Sharp guidelines, blurred lines

Students discuss their definition of consent

While Chapman’s sexual misconduct policy outlines what consent is, students have differing opinions about the definition of consent. Photo illustration by Jackie Cohen

Every year, freshmen are welcomed to campus with a mandatory Healthy Panther workshop including discussion about Chapman’s sexual misconduct policy and what consensual sex means and what it doesn’t. Still, many students have a different idea of what consensual sex is, and how to play the game by the rules.

Recent policy changes led by Education Secretary Betsy DeVos, who rescinded Obama-era guidelines on campus sexual assault investigations in late September, has sparked conversation among students about sexual misconduct and what it means on a college campus.

Chapman’s sexual misconduct policy is meant to protect both complainants and respondents, and includes the fact that consent cannot be given if someone is incapacitated, said Director of Student Conduct Colleen Wood.Chapman’s student sexual misconduct policy states that if one person is under the influence at the level of incapacitation which is defined as a state where someone cannot make rational decisions consent cannot be given. Although the university tries to be as clear as possible, some Chapman students have their own idea of what consent means and when it cannot be given.

“Anything other than a clear ‘yes’ spelled out with every letter is a hard no, and would be nonconsensual,” said junior screenwriting major Rafaela Bassili, who is also a member of Chapman Fems. “At this point, I hope we have all understood that intoxication means a person cannot clearly consent, and I think that trying to figure out a point where it would be OK or not to blur that line would only give assaulters the nuance they don’t need.”

Chapman’s policy states that consent is an affirmative “yes” by all participants to engage in sexual activity.

“If my definition of consent is that I’m reciprocating the action, then I guess it’s reasonable to assume consent has been given,” said sophomore creative producing major Lynnzee Highland. “And it’s reasonable if asking at every step is someone’s preference. But it might be kind of annoying to be like ‘is it OK’ if they kiss you, ‘is it OK’ and then they touch you. I don’t know if that would happen.”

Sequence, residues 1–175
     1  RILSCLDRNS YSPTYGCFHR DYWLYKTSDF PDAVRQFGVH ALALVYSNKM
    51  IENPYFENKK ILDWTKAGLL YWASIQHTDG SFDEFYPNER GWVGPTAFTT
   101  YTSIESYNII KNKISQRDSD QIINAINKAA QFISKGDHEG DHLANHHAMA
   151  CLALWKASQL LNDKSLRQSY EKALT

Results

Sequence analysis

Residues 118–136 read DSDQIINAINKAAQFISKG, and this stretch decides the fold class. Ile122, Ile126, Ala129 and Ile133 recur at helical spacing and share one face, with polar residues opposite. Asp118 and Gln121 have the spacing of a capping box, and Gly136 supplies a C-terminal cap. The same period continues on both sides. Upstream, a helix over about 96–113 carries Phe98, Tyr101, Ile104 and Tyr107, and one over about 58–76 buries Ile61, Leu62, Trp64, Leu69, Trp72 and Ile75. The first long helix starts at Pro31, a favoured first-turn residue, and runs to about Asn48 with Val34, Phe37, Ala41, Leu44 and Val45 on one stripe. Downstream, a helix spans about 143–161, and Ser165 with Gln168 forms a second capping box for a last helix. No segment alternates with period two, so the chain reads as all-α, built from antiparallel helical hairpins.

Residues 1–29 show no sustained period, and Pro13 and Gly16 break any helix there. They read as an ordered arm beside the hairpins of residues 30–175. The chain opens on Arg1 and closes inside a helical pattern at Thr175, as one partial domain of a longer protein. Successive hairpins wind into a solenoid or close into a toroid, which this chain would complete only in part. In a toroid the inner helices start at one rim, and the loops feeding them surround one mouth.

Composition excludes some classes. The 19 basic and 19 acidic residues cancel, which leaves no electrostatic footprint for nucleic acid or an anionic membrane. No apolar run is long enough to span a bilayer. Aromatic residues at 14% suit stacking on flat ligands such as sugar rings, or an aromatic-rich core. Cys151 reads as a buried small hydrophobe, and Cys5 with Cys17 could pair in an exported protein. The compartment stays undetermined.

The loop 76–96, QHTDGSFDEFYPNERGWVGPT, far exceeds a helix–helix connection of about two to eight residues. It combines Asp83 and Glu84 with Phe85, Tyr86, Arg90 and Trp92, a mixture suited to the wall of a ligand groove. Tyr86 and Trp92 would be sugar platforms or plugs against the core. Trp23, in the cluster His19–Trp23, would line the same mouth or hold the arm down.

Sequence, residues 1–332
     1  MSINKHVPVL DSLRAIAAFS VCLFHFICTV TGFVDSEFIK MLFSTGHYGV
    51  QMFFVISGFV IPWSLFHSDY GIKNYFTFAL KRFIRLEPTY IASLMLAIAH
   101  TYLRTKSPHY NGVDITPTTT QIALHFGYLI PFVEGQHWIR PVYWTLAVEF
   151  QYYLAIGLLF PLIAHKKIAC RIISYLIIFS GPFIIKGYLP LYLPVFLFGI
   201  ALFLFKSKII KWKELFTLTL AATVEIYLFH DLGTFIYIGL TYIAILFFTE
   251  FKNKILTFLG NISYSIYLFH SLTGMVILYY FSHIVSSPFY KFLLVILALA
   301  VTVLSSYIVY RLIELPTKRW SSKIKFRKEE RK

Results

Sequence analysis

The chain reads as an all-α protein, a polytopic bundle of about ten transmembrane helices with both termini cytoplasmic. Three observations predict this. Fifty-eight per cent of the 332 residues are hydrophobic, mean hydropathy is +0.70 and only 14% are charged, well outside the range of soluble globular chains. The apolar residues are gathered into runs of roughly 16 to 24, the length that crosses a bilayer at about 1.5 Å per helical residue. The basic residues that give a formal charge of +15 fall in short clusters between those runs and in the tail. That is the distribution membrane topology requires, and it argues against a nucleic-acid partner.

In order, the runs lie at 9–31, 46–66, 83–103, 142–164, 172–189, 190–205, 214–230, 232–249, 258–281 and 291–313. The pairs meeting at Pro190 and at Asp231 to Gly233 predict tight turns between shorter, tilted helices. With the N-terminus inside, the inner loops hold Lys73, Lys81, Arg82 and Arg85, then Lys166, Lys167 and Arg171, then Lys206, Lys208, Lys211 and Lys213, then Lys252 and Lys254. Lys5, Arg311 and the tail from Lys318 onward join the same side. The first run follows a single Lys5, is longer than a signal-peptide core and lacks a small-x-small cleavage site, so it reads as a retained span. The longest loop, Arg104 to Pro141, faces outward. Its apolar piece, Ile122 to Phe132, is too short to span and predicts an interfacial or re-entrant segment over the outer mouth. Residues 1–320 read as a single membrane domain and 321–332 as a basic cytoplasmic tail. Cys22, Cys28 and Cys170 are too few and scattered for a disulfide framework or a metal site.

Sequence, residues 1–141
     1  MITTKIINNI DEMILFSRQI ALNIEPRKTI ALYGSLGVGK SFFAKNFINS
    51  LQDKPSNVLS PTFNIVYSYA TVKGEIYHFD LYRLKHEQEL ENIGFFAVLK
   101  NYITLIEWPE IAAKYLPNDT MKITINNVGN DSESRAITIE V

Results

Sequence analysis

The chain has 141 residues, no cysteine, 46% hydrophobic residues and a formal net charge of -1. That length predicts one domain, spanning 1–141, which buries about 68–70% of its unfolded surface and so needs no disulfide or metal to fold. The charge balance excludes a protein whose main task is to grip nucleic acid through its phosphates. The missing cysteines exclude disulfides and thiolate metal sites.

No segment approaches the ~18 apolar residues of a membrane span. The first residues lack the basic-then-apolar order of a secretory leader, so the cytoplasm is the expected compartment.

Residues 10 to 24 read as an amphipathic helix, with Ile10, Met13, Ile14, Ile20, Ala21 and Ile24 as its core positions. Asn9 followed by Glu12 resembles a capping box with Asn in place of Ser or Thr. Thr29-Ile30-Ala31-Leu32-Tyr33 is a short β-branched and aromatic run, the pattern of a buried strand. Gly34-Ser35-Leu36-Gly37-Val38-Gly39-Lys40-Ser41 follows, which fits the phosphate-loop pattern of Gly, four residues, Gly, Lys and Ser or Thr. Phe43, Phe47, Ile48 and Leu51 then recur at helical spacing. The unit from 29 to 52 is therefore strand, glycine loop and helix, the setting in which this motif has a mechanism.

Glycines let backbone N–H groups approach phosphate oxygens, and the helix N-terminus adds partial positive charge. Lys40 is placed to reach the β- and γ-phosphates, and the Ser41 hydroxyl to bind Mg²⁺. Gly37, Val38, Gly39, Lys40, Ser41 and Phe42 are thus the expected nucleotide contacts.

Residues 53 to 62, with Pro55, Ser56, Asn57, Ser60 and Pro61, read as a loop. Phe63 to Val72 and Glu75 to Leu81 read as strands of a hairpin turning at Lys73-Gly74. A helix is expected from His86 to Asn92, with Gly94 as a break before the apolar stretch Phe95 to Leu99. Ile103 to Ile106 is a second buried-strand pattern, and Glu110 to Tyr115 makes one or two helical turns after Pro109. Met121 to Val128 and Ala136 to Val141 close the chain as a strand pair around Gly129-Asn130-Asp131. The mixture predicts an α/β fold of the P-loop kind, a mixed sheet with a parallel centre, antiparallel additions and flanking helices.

In some cases, consent is assumed because of a previous relationship, or even a previous conversation. Some people don’t wait for a second, third or fourth “yes” as they round the bases if they already got permission to play the game.

Highland said that if someone is under the influence, the line of consent can be blurry.

“If I’ve had one or two drinks, I can give my consent, but if I’m really drunk, then no, absolutely not,” she said.

The policy adds that a person must be able to understand the “who, what, when, where, why or how” of the sexual interaction.

“Theoretically, someone can be incapacitated and still be up and walking around,” Wood said. “That’s why the definition of incapacitation is so important.”

There has been confusion among student bodies and in the media about the exact definition of incapacitation versus intoxication regarding consent violations, Wood said. Since Chapman does not depend on state funding, the university is not required to follow a set policy.

“It’s a clear line,” Bassili said. “‘No’ simply means ‘no,’ independent of whether it was clearly said or was stopped from being said by other circumstances, such as intoxication,” Bassili said. “It shouldn’t fall on the woman to decide at what point of intoxication she wouldn’t be able to give consent, but on her partner to understand that anything other than a ‘yes’ is simply a ‘no.’”

Moving to an affirmative consent standard was a very important development in the understanding of what consent is, Yocum Gaffney said.

“That does serve to make brighter lines where there weren’t before about what consent means,” she said.

Conservative estimates of sexual assault prevalence suggest that 25 percent of American women have experienced sexual assault, including rape, according to the National Institute of Alcohol Abuse and Alcoholism. About half of sexual assault cases involved alcohol consumption by the perpetrator, victim or both.

Chapman’s policy states that consent cannot be assumed, even if the individuals are in a relationship.

“It’s not that we stop every step of the way, it’s more like if he’s kissing me and I’m kissing back. If it’s at that level, if we are both showing interest, that we assume consent is given,” said Highland, who has been in a relationship for more than a year. “There are certain points where he’ll ask if it’s OK and I’ll say ‘yes.’ I don’t know if that’s normal, but I like it that way.”

Highland added that it might be harder for someone to say “no” during a hookup, compared to someone in a long-term relationship.

The consent policy isn’t perfect, said Colette Grubman, a junior English major and member of Creating a Rape-free Environment for Students (C.A.R.E.S.).

“Students should educate themselves on the policy because it’s very important to know your resources and know your rights,” Grubman said. “The main part of our (C.A.R.E.S) job is making sure that people know how to be an active bystander and how to know what consent is and how you have it.”

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